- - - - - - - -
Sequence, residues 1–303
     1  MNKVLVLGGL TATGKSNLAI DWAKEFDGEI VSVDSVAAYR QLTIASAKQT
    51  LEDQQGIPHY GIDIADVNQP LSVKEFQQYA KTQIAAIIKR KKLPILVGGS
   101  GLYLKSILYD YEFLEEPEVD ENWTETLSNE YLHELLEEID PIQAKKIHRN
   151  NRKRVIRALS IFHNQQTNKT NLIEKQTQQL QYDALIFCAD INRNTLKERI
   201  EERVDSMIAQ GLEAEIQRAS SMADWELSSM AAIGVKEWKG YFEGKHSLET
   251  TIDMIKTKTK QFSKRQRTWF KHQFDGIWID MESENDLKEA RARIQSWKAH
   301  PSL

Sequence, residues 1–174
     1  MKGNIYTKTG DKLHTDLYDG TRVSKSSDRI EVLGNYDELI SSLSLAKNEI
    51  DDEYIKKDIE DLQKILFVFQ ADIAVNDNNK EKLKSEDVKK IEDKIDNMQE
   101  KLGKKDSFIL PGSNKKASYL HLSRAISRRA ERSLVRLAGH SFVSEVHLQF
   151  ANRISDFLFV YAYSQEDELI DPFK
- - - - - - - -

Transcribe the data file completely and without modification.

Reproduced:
Sequence, residues 1–303
     1  MNKVLVLGGL TATGKSNLAI DWAKEFDGEI VSVDSVAAYR QLTIASAKQT
    51  LEDQQGIPHY GIDIADVNQP LSVKEFQQYA KTQIAAIIKR KKLPILVGGS
   101  GLYLKSILYD YEFLEEPEVD ENWTETLSNE YLHELLEEID PIQAKKIHRN
   151  NRKRVIRALS IFHNQQTNKT NLIEKQTQQL QYDALIFCAD INRNTLKERI
   201  EERVDSMIAQ GLEAEIQRAS SMADWELSSM AAIGVKEWKG YFEGKHSLET
   251  TIDMIKTKTK QFSKRQRTWF KHQFDGIWID MESENDLKEA RARIQSWKAH
   301  PSL

Sequence, residues 1–174
     1  MKGNIYTKTG DKLHTDLYDG TRVSKSSDRI EVLGNYDELI SSLSLAKNEI
    51  DDEYIKKDIE DLQKILFVFQ ADIAVNDNNK EKLKSEDVKK IEDKIDNMQE
   101  KLGKKDSFIL PGSNKKASYL HLSRAISRRA ERSLVRLAGH SFVSEVHLQF
   151  ANRISDFLFV YAYSQEDELI DPFK